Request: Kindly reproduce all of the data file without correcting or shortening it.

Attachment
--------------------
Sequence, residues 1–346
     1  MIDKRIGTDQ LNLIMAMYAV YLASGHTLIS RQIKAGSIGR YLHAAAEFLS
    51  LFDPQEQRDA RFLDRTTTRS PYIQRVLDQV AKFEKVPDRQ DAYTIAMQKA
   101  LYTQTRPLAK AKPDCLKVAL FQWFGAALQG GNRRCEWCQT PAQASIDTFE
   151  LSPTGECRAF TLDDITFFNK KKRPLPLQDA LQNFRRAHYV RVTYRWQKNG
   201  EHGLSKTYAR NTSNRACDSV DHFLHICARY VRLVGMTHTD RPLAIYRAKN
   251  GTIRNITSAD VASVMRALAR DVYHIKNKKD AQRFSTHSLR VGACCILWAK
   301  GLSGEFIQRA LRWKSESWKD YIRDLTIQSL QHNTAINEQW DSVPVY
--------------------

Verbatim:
Sequence, residues 1–346
     1  MIDKRIGTDQ LNLIMAMYAV YLASGHTLIS RQIKAGSIGR YLHAAAEFLS
    51  LFDPQEQRDA RFLDRTTTRS PYIQRVLDQV AKFEKVPDRQ DAYTIAMQKA
   101  LYTQTRPLAK AKPDCLKVAL FQWFGAALQG GNRRCEWCQT PAQASIDTFE
   151  LSPTGECRAF TLDDITFFNK KKRPLPLQDA LQNFRRAHYV RVTYRWQKNG
   201  EHGLSKTYAR NTSNRACDSV DHFLHICARY VRLVGMTHTD RPLAIYRAKN
   251  GTIRNITSAD VASVMRALAR DVYHIKNKKD AQRFSTHSLR VGACCILWAK
   301  GLSGEFIQRA LRWKSESWKD YIRDLTIQSL QHNTAINEQW DSVPVY